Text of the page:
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ElevenLabs, a year-old AI startup from former Google and Palantir employees that is focused on creating new text-to-speech and voice cloning tools, has raised $19 million in a Series A round co-led by Andreessen Horowitz (a16z), former Github CEO Nat Friedman and former Apple AI leader Daniel Gross, with additional participation from Credo Ventures, Concept Ventures, and an array of strategic angel investors including Instagram’s co-founder Mike Krieger and Oculus VR co-founder Brendan Iribe along with many others.
In addition, Andreessen Horowitz is joining ElevenLabs’ board, citing the late Martin Luther King Jr.’s “I Have a Dream” speech in its blog post on the news, as one of the examples of how the human “voice carries not only our ideas, but also the most profound emotions and connections.”
ElevenLabs was founded by Piotr Dabkowski, an ex-Google machine learning engineer, and Mati Staniszewski, an ex-Palantir deployment strategist, to develop ultra-realistic text-to-speech models for education, audiobooks, gaming, movies, business, and more.
Both grew up in Poland and were inspired to create the company after watching poorly dubbed films from the U.S., according to a16z.
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“Imagine the possibilities unlocked when creatives can give any character any voice, and have that voice be indistinguishable from the original,” a16z writes in its blog post announcing its participation in the round.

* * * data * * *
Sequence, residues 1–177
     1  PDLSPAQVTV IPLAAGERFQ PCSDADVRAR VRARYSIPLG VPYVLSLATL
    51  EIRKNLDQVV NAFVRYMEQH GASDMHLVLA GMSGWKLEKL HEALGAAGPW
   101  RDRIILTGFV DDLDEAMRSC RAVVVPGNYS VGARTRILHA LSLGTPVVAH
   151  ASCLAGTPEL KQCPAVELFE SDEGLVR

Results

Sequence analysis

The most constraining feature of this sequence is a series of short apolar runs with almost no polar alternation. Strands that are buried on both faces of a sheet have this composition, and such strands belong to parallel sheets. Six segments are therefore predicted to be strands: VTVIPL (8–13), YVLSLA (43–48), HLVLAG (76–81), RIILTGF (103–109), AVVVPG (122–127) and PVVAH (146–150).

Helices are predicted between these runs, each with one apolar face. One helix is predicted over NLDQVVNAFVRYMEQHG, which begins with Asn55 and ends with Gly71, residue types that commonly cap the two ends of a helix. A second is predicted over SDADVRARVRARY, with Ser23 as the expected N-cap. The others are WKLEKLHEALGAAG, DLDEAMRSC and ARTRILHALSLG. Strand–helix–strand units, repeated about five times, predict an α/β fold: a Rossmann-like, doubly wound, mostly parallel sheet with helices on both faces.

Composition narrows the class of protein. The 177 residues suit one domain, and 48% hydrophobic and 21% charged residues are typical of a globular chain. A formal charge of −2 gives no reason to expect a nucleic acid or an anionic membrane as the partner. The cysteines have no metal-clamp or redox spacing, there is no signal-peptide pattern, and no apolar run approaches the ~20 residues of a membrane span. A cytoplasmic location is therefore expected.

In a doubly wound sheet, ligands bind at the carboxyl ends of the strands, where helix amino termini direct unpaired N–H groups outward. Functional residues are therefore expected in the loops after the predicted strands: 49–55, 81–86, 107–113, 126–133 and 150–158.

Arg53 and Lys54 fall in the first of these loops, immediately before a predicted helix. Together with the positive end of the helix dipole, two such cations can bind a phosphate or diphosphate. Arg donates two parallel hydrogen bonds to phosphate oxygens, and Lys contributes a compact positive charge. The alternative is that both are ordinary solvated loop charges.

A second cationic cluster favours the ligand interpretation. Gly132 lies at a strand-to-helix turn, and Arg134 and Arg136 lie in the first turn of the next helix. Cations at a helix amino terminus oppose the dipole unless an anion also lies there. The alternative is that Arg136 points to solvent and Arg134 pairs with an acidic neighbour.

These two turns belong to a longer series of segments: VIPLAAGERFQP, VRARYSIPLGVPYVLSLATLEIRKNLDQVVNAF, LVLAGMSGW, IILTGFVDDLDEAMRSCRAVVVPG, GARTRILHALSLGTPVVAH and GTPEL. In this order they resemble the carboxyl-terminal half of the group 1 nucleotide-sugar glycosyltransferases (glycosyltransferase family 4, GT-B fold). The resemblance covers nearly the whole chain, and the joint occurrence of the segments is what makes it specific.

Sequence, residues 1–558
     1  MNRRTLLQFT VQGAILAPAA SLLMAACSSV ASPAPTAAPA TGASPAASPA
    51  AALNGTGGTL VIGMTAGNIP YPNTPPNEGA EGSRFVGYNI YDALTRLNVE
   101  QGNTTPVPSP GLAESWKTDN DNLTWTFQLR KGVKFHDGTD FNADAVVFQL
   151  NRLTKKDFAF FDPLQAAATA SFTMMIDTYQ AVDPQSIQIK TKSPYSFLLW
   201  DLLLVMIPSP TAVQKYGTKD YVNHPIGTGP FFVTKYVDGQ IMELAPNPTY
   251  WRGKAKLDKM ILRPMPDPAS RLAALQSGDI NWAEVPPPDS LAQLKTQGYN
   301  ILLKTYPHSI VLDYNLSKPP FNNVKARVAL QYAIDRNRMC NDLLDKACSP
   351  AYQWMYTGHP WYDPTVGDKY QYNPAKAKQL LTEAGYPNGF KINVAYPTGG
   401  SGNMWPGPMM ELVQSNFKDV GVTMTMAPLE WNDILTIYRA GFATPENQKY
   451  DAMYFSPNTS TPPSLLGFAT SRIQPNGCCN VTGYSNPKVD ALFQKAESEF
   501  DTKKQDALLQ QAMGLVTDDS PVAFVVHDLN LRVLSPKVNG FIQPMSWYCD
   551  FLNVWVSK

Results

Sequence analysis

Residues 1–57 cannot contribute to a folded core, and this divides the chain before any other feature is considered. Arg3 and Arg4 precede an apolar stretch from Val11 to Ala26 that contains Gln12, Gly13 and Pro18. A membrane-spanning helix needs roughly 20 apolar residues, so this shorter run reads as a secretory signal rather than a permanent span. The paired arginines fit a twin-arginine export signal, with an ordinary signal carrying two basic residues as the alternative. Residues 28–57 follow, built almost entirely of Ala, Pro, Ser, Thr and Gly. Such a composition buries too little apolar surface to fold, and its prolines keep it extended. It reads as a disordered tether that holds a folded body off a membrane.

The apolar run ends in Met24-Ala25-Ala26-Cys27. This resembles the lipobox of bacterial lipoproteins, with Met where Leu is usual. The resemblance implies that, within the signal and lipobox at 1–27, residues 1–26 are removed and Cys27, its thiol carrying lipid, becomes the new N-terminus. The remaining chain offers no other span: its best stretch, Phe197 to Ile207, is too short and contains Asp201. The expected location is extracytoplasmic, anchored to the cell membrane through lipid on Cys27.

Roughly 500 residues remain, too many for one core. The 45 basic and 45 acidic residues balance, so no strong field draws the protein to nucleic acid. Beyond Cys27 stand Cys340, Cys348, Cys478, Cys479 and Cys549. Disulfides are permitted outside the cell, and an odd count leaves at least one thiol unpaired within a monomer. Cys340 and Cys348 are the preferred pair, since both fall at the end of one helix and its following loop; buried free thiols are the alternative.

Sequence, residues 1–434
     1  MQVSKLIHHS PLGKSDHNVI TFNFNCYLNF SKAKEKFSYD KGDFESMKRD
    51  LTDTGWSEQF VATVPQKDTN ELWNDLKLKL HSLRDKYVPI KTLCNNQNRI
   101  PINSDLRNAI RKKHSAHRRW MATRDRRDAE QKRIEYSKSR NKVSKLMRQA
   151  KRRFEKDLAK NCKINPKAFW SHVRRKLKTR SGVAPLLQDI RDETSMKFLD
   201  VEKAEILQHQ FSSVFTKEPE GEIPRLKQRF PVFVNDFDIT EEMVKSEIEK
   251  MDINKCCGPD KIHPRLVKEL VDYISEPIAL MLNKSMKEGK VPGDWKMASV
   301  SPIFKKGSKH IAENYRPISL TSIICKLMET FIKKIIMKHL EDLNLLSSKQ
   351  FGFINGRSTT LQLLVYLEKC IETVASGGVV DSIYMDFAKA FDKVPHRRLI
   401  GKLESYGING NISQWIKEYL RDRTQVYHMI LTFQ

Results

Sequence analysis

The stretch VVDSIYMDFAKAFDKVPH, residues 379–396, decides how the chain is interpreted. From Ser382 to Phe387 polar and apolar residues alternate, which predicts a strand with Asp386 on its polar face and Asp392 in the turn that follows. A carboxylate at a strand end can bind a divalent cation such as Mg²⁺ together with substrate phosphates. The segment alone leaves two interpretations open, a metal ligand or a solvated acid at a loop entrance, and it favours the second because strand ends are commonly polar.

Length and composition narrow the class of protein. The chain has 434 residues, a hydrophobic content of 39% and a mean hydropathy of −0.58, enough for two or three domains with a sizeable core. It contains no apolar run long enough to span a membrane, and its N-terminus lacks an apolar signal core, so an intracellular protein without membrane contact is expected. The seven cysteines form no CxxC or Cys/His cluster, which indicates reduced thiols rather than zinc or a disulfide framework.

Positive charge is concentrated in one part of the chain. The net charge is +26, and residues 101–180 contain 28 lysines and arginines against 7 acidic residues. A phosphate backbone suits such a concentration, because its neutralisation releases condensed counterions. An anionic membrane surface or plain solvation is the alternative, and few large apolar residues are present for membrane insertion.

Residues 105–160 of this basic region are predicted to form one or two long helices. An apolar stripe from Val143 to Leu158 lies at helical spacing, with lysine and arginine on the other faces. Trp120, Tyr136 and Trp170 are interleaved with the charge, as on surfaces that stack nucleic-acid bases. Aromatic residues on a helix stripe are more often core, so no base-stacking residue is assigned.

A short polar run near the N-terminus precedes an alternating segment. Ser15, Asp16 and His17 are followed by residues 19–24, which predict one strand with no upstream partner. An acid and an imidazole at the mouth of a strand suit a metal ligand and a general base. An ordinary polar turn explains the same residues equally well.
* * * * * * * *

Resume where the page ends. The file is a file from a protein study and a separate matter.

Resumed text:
Currently available products from ElevenLabs include its Speech Synthesis, which converts any writing to “professional audio, fast”; VoiceLab, which allows customers to clone voices from just a few short snippets of audio and can create entirely new synthetic voices; and the newly unveiled AI Speech Classifier with an API, which allows “anyone to upload an audio sample and find out whether the clip contains AI-generated audio from ElevenLabs,” which the company says is a first-of-its-kind tool.
Up next from ElevenLabs are two other planned products: an “AI dubbing tool” that will allow users to take existing recordings of speech and convert it into another language while preserving the original voices, and Publishers Projects, an audio production app to adjust a speakers’ pacing, insert pauses, and assign particular speakers to different text fragments.
Already, ElevenLabs claims to have over a million creators and developers from various industries, who have collectively generated more than 10 years of audio content. Among its early customers include audiobook publisher Storytel and game developer Paradox Interactive, as well as a new AI-focused podcast from entrepreneur Seth Godin.
“Our mission is to dissolve language barriers and put all audiences within reach of content creators in a safe and responsible way,” said Staniszewski.
Acknowledging that there are serious risks of harm with voice-cloning tech in particular, ElevenLabs has posted a “Voice Cloning Guide” on its website that states: “you cannot clone a voice for abusive purposes such as fraud, discrimination, hate speech or for any form of online abuse without infringing the law.” However, “caricature, parody and satire” and “artistic and political speech contributing to public debates” are uses that the company allows and supports.
While ElevenLabs is careful to state its online guide “does not constitute legal advice,” it does note that it can suspend the accounts and content of any users who it deems in violation, at will, and that “we may also report any illegal activity in accordance with applicable laws to the authorities or work with authorities on further action.”
The news of the funding round and release of new tools comes just days after Meta Platforms’ published a research paper describing its own generative AI voice synthesis tool Voicebox, though Meta has yet to publicly release the tool to users out of concerns for abuse.
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